An interesting question; to the degree that literature takes itself seriously, those who encounter it tend to take it seriously too, provided they can understand it.
On the other hand, a lot of people would say a work like 'Finnegans Wake' is nothing more than nonsense.
should anything that takes itself seriously be taken seriously?
is it a prerequisite that something be understood before it can be taken seriously?
Good point...maybe a distinction should be made between literature that takes itself seriously (or too seriously) and literature that recognizes both the absurdity and the solemnity of the human condition. The stories of Chekhov, for instance, can be taken seriously because they don't take themselves too seriously; they are not sentimental, but neither are they guided by an intelligence that is purposefully unfeeling.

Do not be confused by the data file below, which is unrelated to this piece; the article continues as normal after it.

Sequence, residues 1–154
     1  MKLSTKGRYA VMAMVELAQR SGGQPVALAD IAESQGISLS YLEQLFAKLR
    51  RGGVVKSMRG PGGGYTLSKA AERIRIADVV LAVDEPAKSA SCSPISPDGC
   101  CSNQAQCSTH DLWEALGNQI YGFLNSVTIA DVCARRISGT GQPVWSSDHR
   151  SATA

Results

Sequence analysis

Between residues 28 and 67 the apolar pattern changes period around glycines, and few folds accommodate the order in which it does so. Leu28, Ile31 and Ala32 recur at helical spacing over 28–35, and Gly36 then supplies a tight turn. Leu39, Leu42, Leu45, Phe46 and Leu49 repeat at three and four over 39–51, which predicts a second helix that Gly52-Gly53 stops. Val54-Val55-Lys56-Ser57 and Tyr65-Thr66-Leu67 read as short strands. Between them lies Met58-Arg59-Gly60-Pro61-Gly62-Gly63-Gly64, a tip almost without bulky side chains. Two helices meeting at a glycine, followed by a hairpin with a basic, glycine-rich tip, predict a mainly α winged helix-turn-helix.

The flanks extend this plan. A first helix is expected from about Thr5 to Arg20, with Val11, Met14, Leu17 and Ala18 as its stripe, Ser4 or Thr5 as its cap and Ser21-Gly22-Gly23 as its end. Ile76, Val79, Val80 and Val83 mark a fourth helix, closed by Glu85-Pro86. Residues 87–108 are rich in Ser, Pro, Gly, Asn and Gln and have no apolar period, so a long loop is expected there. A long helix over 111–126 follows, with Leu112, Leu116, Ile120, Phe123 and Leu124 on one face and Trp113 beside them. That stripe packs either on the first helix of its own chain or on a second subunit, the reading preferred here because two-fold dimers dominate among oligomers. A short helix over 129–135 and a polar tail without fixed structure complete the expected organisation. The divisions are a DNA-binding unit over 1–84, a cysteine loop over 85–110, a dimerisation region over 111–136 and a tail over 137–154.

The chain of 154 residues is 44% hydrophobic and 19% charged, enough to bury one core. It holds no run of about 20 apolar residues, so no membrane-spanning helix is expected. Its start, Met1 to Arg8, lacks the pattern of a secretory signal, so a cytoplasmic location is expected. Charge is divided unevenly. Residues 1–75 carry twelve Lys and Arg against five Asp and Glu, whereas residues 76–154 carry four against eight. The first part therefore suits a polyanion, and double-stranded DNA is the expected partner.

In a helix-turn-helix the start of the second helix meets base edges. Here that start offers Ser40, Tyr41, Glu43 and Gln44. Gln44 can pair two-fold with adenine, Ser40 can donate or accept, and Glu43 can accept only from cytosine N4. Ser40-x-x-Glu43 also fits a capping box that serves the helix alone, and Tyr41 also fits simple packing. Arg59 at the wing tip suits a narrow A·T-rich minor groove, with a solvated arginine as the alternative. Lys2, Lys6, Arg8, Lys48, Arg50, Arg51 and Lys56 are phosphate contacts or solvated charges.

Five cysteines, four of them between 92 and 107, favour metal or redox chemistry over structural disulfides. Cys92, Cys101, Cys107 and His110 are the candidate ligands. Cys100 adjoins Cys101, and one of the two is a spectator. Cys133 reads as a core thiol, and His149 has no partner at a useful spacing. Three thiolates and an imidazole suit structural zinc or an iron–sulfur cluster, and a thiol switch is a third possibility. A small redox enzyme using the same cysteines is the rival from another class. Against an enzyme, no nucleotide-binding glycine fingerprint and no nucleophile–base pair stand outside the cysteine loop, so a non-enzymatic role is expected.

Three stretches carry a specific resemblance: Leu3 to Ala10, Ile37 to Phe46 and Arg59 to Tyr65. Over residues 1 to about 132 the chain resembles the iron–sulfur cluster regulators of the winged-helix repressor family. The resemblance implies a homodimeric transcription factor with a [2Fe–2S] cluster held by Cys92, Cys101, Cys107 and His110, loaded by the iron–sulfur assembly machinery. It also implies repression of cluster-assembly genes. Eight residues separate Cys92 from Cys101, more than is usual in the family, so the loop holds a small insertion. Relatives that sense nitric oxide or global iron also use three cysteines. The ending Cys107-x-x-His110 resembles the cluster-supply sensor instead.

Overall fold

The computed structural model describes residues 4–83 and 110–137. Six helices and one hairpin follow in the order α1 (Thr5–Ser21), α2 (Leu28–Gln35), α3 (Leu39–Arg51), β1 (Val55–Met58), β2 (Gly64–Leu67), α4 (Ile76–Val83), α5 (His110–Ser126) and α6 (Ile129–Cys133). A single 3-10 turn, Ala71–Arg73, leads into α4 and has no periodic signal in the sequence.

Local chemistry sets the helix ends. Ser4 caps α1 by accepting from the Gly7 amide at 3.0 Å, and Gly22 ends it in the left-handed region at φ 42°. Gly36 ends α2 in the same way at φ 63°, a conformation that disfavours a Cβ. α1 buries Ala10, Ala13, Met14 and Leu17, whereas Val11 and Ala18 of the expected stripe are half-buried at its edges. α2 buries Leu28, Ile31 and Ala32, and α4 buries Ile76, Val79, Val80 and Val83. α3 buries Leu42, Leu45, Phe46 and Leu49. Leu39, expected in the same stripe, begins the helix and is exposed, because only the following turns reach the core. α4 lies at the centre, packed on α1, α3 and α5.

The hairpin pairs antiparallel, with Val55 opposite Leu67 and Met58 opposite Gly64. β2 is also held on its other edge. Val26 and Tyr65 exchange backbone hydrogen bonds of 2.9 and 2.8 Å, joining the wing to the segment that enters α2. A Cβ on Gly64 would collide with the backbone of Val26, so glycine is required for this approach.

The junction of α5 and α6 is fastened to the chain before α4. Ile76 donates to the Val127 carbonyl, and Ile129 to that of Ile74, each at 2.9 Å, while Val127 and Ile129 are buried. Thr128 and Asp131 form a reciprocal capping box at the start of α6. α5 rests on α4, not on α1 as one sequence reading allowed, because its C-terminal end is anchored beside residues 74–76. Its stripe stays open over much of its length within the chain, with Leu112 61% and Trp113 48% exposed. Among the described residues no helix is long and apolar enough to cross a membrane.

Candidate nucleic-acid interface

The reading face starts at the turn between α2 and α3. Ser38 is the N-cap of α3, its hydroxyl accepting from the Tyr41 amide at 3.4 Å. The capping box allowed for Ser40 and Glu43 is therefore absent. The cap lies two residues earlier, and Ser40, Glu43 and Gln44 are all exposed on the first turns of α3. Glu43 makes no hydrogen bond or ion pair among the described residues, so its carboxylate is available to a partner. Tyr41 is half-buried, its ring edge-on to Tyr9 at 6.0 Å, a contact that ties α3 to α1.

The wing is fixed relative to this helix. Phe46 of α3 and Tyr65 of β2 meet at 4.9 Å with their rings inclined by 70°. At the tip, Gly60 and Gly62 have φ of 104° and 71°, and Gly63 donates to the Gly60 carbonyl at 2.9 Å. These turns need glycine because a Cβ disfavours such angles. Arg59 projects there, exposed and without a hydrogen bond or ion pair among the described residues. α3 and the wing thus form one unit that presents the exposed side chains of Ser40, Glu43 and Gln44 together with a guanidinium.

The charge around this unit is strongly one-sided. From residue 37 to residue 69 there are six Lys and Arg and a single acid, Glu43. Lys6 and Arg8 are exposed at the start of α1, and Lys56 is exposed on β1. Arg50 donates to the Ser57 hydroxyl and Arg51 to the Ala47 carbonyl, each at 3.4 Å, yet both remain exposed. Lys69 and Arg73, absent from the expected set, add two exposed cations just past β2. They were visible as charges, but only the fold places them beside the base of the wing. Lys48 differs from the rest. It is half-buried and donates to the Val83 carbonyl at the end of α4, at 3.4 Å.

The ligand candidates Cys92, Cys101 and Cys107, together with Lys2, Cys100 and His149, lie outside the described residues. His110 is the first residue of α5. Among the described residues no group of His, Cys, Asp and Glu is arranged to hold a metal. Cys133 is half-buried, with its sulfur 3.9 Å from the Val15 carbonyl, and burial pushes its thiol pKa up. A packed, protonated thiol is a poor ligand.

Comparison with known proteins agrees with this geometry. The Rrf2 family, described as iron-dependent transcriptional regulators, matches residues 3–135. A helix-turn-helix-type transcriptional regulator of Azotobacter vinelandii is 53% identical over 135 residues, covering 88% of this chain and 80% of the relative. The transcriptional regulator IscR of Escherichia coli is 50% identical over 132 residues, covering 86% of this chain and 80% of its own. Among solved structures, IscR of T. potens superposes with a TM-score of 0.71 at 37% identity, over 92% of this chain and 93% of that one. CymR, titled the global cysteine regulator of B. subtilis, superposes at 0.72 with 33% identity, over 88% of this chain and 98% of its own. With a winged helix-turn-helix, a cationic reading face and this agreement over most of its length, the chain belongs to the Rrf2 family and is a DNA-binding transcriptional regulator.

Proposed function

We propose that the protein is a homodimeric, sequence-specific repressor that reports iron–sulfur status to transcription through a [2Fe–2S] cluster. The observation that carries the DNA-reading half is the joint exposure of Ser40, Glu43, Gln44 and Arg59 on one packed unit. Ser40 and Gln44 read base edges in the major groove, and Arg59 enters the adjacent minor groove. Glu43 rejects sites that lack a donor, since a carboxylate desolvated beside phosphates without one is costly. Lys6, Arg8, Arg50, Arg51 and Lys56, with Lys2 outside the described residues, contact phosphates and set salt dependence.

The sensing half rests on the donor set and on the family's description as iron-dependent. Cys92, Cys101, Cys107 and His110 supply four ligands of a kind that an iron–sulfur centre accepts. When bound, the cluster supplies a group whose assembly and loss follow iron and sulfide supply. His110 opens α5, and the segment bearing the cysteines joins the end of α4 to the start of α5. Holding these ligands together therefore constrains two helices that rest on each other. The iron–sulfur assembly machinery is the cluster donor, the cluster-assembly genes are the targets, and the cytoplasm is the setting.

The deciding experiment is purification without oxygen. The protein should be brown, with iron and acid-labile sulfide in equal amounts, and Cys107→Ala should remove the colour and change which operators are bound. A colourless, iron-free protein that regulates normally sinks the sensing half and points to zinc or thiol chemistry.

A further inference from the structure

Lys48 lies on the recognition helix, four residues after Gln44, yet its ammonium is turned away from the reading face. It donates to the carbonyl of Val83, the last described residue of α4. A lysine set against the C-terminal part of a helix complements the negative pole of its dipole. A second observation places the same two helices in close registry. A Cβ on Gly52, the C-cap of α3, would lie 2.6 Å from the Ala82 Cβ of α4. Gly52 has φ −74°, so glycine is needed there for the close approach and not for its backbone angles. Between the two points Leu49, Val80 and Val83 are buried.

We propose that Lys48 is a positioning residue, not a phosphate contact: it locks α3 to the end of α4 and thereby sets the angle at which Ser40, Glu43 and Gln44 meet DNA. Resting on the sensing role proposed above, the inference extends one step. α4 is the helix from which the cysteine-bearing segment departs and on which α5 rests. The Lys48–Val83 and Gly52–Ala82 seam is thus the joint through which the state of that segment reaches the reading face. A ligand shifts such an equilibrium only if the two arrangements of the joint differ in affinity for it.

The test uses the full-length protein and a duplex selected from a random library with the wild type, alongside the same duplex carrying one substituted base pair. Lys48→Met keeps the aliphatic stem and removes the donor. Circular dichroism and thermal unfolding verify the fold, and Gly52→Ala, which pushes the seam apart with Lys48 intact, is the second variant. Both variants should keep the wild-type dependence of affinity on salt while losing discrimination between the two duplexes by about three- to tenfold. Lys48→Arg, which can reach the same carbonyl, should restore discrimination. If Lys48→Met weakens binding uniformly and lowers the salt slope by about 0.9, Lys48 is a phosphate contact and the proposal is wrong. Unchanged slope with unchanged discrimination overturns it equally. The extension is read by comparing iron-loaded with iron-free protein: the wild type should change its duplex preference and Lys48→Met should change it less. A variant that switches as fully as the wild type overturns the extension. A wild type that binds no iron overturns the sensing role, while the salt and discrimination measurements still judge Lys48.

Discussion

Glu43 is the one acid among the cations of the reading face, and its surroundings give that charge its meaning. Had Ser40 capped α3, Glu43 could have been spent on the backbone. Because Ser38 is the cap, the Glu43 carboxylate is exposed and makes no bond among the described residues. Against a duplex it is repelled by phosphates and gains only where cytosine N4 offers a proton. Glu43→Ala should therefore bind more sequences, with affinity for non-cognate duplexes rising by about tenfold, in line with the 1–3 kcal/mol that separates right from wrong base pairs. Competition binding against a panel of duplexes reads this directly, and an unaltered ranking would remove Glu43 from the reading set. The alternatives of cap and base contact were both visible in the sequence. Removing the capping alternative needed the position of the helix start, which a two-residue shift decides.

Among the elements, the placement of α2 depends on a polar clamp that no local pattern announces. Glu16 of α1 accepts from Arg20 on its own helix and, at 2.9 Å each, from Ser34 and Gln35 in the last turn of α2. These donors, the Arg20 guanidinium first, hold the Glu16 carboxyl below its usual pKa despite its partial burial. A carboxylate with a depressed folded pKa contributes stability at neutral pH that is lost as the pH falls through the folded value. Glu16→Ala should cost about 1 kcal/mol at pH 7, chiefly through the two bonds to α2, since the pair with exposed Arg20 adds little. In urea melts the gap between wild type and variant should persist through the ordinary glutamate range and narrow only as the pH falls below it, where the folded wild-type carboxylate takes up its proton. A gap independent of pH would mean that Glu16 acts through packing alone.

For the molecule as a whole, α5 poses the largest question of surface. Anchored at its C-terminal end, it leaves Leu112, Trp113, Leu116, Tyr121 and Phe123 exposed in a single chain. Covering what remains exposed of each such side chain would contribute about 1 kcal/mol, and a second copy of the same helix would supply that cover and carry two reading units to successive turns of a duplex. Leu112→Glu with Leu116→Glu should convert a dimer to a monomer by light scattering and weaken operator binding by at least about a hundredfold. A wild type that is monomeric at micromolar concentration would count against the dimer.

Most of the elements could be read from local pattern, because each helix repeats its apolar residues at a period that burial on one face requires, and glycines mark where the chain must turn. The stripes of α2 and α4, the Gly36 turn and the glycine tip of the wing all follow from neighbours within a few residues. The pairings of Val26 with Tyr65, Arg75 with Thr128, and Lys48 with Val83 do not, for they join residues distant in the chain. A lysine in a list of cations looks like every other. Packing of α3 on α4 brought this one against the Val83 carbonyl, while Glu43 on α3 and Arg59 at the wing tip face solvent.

I'm not so much asking which kind of literature should be taken seriously, simply whether any of it ought to be. Let's take all literature (fiction) ever written and throw it in a box, why should I take that box seriously?
I guess there is no purely unobjectionable reason it should be taken seriously. Maybe it depends on whether we believe in the sincerity of literature as a gesture, as an attempt on the part of the writer to represent something true about the human experience, and in so doing change us. Whether the writer succeeds in this attempt is another question, but the attempt itself might be enough to warrant our attention.